A recently qualified chef was keen to open her own restaurant.  She, however, did not have enough financial backing to start the business.  Her friend had significant experience in the hospitality industry and owned various bars in town.  She approached him to see if he wanted to go into business together.

Her friend didn’t want to be involved in the day-to-day running of the business, but was happy to contribute some capital to start the business on the basis that he receive a share of the profits.

The chef had assumed that she would need to set up a company, however upon taking advice from her lawyer and accountant, realised that a limited partnership was a good option for them. She had not heard of this option previously.

Limited partnerships operate in a similar way to a standard partnership, where partners each contribute towards the initial capital of the business, and share the profits and losses based on their contribution to the capital.  However, unlike standard partnerships, they are registered entities (through the Companies Office) and are a separate legal entity on their own.  They are a well-recognised business structure overseas.

Limited partnerships have a ‘general partner’, who is responsible for the day-to-day running of the business and who bears all of the liability for the business and a ‘limited partner’ who contributes capital but bears no liability or responsibility for the management of the business (other than liability in relation to the initial capital they put in).  The partners can be individuals or other entities, such as companies.  There can be more than one of each type of partner.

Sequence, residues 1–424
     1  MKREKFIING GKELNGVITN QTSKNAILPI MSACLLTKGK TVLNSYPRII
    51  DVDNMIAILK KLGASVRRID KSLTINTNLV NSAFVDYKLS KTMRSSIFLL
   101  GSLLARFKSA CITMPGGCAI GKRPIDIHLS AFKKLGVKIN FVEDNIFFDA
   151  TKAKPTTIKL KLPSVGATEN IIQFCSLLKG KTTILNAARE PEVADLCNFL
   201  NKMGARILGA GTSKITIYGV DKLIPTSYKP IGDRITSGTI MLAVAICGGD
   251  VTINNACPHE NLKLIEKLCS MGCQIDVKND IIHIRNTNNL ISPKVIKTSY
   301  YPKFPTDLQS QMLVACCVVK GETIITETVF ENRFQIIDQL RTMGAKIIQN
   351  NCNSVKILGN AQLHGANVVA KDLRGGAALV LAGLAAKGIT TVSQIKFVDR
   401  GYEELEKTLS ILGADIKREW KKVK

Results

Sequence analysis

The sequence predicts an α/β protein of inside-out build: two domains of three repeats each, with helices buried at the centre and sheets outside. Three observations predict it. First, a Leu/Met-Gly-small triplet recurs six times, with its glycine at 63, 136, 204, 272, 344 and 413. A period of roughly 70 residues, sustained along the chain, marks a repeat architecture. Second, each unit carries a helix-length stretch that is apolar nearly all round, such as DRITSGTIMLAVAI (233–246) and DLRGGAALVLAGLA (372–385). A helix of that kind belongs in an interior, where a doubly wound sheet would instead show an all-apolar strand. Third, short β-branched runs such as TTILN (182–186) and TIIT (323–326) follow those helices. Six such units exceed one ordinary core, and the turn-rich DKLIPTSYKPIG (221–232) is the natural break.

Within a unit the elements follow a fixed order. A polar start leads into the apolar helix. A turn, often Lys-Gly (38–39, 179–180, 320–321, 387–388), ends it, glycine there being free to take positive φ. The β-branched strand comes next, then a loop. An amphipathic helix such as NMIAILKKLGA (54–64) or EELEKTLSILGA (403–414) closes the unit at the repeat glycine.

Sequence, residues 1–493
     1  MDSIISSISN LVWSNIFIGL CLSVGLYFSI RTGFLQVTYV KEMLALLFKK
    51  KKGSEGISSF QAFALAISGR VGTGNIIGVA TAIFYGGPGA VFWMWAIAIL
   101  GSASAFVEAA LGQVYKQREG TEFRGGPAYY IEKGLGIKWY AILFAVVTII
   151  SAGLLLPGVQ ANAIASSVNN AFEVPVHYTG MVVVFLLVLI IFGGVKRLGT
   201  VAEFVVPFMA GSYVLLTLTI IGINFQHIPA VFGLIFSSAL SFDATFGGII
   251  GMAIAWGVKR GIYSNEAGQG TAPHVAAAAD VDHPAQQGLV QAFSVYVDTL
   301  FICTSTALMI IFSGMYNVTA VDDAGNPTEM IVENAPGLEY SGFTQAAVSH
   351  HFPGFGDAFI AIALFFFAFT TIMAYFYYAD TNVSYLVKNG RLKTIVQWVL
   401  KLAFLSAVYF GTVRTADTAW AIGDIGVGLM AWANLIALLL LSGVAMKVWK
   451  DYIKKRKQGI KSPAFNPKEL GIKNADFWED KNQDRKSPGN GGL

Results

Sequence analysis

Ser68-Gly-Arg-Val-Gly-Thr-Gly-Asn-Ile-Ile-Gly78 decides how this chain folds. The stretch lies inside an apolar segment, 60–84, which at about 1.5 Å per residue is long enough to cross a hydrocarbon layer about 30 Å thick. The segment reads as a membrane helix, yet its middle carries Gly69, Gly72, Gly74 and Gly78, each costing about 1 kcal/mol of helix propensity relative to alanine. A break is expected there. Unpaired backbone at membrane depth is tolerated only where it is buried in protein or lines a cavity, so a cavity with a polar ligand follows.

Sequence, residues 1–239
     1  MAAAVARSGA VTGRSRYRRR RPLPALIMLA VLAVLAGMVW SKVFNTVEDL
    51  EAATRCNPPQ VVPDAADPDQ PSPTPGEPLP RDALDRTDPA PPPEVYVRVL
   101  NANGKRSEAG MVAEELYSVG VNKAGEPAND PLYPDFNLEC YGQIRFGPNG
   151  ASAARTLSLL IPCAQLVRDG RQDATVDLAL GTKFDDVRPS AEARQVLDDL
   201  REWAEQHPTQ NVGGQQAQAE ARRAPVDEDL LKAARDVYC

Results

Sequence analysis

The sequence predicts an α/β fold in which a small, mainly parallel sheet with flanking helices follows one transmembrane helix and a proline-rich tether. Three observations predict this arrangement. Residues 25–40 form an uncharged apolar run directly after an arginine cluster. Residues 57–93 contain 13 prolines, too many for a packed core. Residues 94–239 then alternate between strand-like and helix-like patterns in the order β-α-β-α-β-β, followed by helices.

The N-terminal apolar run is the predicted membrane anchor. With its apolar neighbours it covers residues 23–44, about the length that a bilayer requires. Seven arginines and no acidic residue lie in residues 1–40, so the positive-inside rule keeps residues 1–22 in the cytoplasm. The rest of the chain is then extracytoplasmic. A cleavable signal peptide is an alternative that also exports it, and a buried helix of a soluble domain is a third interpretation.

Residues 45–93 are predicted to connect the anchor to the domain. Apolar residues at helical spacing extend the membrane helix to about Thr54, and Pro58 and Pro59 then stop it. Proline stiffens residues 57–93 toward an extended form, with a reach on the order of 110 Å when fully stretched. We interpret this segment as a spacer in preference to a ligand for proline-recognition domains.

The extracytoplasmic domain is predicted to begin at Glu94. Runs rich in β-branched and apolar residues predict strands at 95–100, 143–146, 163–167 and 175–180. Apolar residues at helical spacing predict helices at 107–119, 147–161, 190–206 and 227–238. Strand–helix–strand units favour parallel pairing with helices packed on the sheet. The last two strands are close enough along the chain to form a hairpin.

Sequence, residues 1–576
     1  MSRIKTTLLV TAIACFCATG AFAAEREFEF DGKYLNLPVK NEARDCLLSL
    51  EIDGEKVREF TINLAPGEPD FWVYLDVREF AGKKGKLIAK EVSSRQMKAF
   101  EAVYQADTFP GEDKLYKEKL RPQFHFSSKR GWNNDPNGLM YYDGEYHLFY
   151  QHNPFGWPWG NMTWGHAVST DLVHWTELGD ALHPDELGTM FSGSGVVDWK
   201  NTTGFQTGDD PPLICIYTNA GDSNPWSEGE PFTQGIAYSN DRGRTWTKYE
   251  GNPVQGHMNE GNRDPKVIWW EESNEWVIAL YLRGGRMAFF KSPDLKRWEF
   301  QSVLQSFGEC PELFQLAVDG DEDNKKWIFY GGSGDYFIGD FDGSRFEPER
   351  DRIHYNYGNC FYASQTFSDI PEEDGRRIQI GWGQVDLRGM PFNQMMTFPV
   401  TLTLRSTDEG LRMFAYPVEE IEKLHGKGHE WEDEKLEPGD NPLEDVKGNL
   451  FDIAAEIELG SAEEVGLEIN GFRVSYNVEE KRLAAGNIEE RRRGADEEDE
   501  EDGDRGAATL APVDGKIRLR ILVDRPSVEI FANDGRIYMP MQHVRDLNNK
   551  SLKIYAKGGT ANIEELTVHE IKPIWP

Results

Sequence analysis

The chef’s lawyer advised her that she would need to put in place a partnership agreement whereby she and her friend agree on the terms of the partnership.  The agreement would not need to be registered with the Companies Office, unlike a company where the constitution is a publically registered document.  She appreciated that this would give the business arrangements a bit more privacy.

Her accountant also advised her that there were some tax advantages of using a limited partnership, in particular that it is not taxed as a separate entity; the partners are instead taxed personally on any profits.

There are some constraints around limited partnerships including residency requirements and rules around who can be a partner, so for a whole raft of reasons it pays to take legal advice if you are considering setting up a limited partnership.